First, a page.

Main content
Take Note
New lecture series spotlights digital mapping in the humanities

A new series on digital mapping and the humanities begins Monday, Jan. 25.

All talks will take place in the Woodruff Library Jones Room at 5.30 p.m.

The series, “MAP IT: Little Dots, Big Ideas,” will feature cutting-edge projects that provide the Emory community and the public ways to consider a variety of approaches to use geo-spatial analysis in the humanities.

Susan Elizabeth Gagliardi, assistant professor of art history, conceived of and designed the series.

“Through my participation at the Kress Summer Institute on Digital Mapping and Art History in August 2014 and at the Association of American Geographers annual meeting in April 2015, it became clear that digital mapping projects are time- and resource-intensive collaborative endeavors that if executed well, will transform methods and knowledge in the humanities,” says Gagliardi.

She also found that a "one-size-fits-all" model for collaborative digital projects is unlikely to be successful because different types of research questions require working with digital experts familiar with the particular research questions at hand — "stated differently, the same expert in geo-spatial analysis cannot equally develop expertise to address questions in two different areas, for example in public health and in the humanities," she explains.

“MAP IT | Little Dots, Big Ideas aims to address these two observations by bringing to campus scholars in the humanities at different stages of their careers who are engaged in digital mapping projects,” she adds.

Another goal of the series is to inspire people across campus and beyond to consider possibilities for initiating and realizing their own scholarly digital mapping projects.

The digital journal Southern Spaces will video record the first in the series, “Tracing The Arctic Regions: Mapping Nineteenth-Century Photographs of Greenland,” lecture and publish it online.

“The timing of these lectures and workshops happens to coincide with Southern Spaces’ call for articles and multi-media projects that demonstrate innovative scholarly digital work going on around the country,” says Allen Tullos, editor of Southern Spaces.

While Southern Spaces has as its main objective the study of real and imagined spaces and places of the U.S. South, “we also like to feature outstanding digital spatial projects wherever they might originate,” he says.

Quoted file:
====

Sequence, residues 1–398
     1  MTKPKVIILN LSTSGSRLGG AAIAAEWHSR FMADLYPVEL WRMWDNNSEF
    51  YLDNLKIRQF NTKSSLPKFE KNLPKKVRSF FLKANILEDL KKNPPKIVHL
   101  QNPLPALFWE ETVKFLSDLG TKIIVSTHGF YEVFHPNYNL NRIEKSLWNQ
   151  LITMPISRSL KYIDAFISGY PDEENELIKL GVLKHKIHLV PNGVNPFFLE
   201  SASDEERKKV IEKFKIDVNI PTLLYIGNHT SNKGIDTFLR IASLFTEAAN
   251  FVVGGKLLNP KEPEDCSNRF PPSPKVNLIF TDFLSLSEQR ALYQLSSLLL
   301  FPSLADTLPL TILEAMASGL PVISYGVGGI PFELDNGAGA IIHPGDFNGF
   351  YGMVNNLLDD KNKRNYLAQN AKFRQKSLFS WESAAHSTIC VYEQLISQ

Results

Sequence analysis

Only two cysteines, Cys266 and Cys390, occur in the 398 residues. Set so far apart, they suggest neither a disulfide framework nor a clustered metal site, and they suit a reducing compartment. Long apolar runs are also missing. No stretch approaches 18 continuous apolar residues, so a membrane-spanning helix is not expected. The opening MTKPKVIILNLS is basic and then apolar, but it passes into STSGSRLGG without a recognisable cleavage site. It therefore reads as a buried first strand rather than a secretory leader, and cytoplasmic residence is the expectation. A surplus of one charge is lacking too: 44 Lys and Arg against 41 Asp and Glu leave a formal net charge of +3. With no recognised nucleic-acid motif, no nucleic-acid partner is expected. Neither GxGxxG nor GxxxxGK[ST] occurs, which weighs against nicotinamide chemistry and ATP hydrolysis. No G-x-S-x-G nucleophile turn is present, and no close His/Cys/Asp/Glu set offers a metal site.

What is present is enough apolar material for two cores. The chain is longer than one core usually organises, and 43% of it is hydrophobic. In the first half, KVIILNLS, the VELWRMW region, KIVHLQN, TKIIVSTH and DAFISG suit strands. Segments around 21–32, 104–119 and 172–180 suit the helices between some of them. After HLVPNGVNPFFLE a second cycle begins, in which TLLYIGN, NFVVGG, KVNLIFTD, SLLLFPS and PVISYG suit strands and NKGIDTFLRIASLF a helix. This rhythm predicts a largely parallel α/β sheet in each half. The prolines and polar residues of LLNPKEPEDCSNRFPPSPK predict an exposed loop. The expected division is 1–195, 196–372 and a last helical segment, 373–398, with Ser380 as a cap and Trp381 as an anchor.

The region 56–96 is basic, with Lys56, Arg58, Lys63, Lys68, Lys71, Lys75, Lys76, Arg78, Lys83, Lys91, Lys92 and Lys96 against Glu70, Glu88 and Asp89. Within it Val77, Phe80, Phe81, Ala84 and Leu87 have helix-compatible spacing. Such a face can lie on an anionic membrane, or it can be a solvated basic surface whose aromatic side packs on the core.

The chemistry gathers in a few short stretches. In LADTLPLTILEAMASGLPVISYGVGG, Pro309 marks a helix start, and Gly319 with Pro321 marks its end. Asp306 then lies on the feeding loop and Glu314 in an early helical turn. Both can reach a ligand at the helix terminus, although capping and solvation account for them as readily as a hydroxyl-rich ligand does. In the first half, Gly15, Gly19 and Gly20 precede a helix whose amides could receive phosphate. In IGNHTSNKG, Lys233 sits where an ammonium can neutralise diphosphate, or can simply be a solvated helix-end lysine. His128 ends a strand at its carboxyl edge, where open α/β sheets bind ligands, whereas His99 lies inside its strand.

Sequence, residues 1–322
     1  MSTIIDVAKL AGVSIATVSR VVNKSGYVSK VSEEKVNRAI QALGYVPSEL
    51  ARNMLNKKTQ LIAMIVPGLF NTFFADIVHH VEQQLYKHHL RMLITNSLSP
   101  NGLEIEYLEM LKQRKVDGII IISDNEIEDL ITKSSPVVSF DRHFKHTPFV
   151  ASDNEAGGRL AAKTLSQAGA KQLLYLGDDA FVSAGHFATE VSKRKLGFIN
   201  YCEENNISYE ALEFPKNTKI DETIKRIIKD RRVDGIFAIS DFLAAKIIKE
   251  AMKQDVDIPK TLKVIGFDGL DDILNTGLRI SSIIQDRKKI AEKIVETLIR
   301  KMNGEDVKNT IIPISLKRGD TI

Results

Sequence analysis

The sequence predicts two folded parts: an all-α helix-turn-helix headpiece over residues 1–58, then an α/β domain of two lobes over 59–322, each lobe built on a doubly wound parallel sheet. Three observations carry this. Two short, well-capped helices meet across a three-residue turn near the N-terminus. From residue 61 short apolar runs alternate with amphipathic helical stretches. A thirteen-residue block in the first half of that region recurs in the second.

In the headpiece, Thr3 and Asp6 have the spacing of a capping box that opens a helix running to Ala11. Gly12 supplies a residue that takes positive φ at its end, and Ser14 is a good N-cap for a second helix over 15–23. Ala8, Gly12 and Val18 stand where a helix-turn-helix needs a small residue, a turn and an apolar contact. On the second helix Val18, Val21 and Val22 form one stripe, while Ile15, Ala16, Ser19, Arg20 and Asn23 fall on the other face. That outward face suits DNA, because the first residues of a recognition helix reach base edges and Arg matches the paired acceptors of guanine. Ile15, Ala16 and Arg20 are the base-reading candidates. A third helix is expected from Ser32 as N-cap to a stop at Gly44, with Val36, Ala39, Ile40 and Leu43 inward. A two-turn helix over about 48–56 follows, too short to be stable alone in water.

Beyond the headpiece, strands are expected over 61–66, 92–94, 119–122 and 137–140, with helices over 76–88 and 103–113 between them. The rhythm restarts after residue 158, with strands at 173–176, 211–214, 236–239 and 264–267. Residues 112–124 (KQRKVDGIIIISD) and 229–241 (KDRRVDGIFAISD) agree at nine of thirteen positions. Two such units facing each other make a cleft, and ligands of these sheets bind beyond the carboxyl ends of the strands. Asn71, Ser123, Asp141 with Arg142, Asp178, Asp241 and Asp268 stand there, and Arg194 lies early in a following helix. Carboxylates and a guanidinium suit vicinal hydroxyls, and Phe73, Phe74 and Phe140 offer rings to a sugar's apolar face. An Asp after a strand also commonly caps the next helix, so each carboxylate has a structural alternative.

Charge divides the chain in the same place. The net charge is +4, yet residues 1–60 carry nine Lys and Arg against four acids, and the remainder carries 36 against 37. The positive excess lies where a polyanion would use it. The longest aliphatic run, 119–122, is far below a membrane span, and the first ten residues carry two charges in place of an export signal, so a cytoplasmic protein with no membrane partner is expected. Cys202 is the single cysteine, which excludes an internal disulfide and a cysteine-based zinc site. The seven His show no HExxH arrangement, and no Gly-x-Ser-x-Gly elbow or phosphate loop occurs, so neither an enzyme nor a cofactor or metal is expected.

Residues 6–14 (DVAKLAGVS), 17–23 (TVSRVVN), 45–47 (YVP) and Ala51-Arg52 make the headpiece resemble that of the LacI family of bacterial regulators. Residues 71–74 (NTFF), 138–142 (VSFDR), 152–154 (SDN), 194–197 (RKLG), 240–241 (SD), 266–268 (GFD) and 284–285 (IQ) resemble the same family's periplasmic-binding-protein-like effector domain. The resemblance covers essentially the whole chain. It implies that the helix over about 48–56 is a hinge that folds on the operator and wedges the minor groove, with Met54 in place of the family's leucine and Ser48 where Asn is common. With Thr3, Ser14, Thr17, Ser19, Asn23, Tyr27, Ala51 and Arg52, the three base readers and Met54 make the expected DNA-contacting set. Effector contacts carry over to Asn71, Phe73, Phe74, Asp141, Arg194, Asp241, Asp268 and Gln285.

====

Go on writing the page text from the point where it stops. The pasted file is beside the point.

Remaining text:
“‘Tracing The Arctic Regions’ is a great way to launch both Professor Gagliardi’s lecture series with its wonderful line-up of speakers and our Digital Spaces article series," Tullos says. "We hope to continue this collaboration with the other speakers  throughout the semester.”

The following lectures are scheduled:

• “Tracing The Arctic Regions: Mapping Nineteenth-Century Photographs of Greenland” by George Philip LeBourdais, Stanford University, on Monday, Jan. 25

• “Enchanting the Desert: Visualizing the Production of Space at the Grand Canyon” by Nicholas Bauch, Stanford University on Monday, Feb. 1

• “Seeing Sound: Mapping Florentine Soundscapes” by Niall Atkinson, University of Chicago, on Monday, Feb. 15

• “The Potential of Historical GIS and Spatial Analysis in the Humanities” by S. Wright Kennedy, Rice University, on Tuesday, March 1

• “Mapping the Commercial Gallery System in Nineteenth-Century London” by Pamela Fletcher, Bowdoin College, on Monday, March 28

• “A Modern Old Master? Using Historical GIS to Chart El Greco’s Influence on the French Avant-Garde” by Ellen Prokop, Frick Art Reference Library, on Monday, April 11

Co-sponsors include the Emory Center for Faculty Development and Excellence, Center for Digital Scholarship, Fox Center for Humanistic Inquiry; and the Departments of Art History, Environmental Sciences, French and Italian, History, Sociology, and Spanish and Portuguese; the Institute for Quantitative Theory and Methods; Latin American and Caribbean Studies Program; the Laney Graduate School New Thinkers/New Leaders Fund; and the Hightower Fund.

Recent News